So, this step is optional, and whether or not you want to be able to control all your fans on your printer or not. To do this we will install the RAMPS 1.4 RRD Fan Extender – read on! On this printer, we have hooked up a hotend cooling fan (NOT the part cooling fan) which … Read more
Controlling and monitoring your 3D printer can be done with your PC via the USB connection, using a dedicated Linux box and web connection over LAN/WiFi such as Octoprint or Astrobox, or with a dedicated LCD Control panel (and SD card slot).
The RAMPS board is going to get very cramps, very quickly. It’s well designed and thought out in terms of layout, but as you add more and more connections to it, it’s going to get hidden beneath a nest of wires, connections, crimps and fans – say goodbye to your lovely clean clear red board!
Printing and assembly of the main hotend assembly – the hotend mount, cooling fan ducts and all hardware needed and connecting wiring.
Now that we have power to our RAMPS board – lets take care of it a little, and add in some active cooling to the board with a RAMPS Cooling Fan.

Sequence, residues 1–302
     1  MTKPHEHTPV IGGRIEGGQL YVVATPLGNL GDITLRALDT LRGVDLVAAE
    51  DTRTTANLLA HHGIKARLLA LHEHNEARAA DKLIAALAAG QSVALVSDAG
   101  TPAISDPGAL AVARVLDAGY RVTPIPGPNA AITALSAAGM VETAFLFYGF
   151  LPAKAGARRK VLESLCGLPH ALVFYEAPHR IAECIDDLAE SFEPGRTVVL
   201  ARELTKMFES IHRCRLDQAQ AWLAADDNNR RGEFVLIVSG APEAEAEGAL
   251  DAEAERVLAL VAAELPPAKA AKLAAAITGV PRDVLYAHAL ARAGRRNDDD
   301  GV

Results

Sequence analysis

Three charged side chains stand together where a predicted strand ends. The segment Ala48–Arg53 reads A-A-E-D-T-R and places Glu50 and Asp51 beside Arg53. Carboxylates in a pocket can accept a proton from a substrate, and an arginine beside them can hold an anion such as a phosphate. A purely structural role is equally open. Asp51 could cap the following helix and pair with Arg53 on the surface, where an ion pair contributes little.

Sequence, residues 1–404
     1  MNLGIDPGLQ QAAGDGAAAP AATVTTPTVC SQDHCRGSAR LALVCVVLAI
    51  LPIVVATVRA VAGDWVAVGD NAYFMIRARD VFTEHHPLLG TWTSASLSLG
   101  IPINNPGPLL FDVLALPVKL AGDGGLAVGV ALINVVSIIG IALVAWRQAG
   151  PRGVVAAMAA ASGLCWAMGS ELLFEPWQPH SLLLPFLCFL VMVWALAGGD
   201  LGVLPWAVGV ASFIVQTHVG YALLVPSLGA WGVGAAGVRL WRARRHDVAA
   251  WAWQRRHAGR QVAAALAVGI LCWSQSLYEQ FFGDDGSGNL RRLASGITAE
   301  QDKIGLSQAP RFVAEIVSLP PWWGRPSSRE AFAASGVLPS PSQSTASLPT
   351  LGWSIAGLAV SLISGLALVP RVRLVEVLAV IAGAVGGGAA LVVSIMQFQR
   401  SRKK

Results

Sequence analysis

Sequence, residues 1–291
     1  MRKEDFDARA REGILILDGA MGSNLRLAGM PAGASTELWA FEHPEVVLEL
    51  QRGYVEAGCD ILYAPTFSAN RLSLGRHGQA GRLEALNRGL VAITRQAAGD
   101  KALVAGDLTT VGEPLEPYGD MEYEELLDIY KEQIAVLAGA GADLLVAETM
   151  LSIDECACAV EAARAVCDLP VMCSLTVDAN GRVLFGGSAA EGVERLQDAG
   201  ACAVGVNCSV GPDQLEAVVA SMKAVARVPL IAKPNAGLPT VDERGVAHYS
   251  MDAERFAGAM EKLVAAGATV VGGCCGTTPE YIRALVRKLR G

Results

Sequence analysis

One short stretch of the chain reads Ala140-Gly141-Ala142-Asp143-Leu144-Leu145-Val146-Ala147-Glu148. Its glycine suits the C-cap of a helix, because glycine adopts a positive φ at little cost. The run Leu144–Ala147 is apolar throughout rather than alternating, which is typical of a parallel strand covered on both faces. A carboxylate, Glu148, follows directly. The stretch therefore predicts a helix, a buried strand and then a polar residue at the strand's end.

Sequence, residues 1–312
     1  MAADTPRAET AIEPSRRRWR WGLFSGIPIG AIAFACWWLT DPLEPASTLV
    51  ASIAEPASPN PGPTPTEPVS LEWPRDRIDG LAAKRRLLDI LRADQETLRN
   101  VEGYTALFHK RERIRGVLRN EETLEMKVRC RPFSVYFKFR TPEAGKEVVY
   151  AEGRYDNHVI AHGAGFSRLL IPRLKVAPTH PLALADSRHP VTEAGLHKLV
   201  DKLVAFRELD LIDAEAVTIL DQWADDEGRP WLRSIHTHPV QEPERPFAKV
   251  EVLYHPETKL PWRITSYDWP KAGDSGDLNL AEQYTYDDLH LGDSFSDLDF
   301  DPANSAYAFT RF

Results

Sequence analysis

Behold the finished power supply cover printed in orange. I would show you the timelapse, but it looked so bad it looked like it was filmed in the Bat Cave!
Not much to show here. But the TL;DR is this post shows a couple of videos and shots of the extruder and mount.
When building a 3D printer, there are lots of options you can go with for a build platform, and whether to have it heated or not. I will not go into all of them, but simply state what I am going to use compared to Toolson’s designs.
To support the print bed from the y-axis and the bed frame Prusa 3D printers use bolts, washers and nuts on each corner with a spring for tension. Toolson’s edition of the P3Steel does away with these springs and opts for a novel (genius) solution of using silicone dampeners.
For this printer I will be using the standard and simple setup of an Arduino Mega and a RAMPS 1.4 board. The Arduino Mega is the brains of the printer and will process all the g-code instructions from the .gcode files from either an SD card or over USB and tell the printer how to move, heat up, extrude filament etc by signalling all the motors, heaters and sensors on the printer which are connected via the RAMPS board, which in turn is connected to the Arduino Mega via the GPIO pins.